Remakes of Comedies as Dramas

Most remakes (all that I can think of, with one exception) are remakes of dramas as dramas, or remakes of dramas as comedies.

Have there been any remakes of comedies as dramas?

I am aware of the series “The Brady’s” which tried to tell stories about the family from The Brady Bunch as drama instead of comedy.

Any others, though? Hopefully better attempts?

Today I was thinking it would be fun to rewrite some old comedies as dramas. The Honeymooners, Hogan’s Heroes, My Favorite Martian, are the three that come to mind.

I was even thinking F-Troop could be done sort of this way, though it would have to be a story along the lines of Catch-22 or something like that, so that would be a sort of dark comedy, rather than a straight drama. But I mean to include the possibility of dark comedy in the kind of drama I’m thinking of. I mean, that’s basically what you get when you combine the absurdity of a sitcom premise with any attempt at serious plotting.

Has something like this ever been done? Successfully?


Trapper John, MD. Trapper from MASH becomes annoying Pernell Roberts.

This isn’t quite the same thing, but the character of Lou Grant went from the comedy program The Mary Tyler Moore Show to the drama program Lou Grant.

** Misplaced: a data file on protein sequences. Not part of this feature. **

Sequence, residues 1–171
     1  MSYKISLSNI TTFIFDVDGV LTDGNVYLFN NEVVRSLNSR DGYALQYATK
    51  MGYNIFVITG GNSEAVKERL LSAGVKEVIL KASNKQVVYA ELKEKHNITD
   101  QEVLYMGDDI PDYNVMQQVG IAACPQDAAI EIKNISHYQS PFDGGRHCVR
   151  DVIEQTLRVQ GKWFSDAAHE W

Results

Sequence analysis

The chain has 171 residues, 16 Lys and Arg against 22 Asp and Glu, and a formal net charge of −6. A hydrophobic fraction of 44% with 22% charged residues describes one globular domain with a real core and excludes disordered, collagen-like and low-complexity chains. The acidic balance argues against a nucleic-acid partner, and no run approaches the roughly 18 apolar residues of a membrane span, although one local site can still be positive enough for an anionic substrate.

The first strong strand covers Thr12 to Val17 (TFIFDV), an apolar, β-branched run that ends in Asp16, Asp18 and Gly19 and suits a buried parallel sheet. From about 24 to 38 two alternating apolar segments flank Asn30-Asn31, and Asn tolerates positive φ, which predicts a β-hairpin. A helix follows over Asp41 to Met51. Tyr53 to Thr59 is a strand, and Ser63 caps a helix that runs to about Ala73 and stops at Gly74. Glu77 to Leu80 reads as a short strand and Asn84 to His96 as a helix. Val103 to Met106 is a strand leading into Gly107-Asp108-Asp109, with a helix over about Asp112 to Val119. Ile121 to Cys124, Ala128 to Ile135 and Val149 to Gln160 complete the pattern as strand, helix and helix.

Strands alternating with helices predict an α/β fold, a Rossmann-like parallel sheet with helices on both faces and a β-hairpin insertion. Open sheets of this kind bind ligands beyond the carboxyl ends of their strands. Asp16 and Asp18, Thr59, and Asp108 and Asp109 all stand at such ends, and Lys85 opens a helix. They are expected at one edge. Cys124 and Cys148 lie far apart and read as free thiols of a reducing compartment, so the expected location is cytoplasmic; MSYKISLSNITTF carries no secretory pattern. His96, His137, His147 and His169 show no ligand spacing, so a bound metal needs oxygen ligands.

I kinda get the impression that people who watched Buffy the Vampire Slayer weren’t tuning in in the hope that they’d be treated to more PeeWee Herman dying in an alley.

And… that’s a whoosh.

What’s the story behind your comment?


Hogan’s Heroes was essentially a comic remake of
Stalag 17 , a drama with comedic moments.

Tim Burton’s Batman was arguably a less-comedic remake of Adam West’s.

Mayberry RFD was intended as a continuation of The Andy Griffith Show. IMDB calls it a comedy, but I remember differently.

That’s an interesting idea. When I was a kid, I remember people around me thinking of Burton’s Batman as being in some way a complete rejection of the TV series. But come to think of it, many of the TV series’ elements are there in Burton’s film.

But I never followed the comics, so I don’t know what to chalk up to the Batman mythos in general and what to chalk up to the series, if anything.


The referenced scene was in the movie Buffy the Vampire Slayer - Paul Rubens played one of the vampires, and he spent…probably about 5 miniutes, total, dying after he got staked. Really over-acted.

The TV series wasn’t nearly that ridiculous. (Which is part of why Joss wanted to do the series - the movie was yanked rather further along the ‘silly’ axis than he’d wanted.)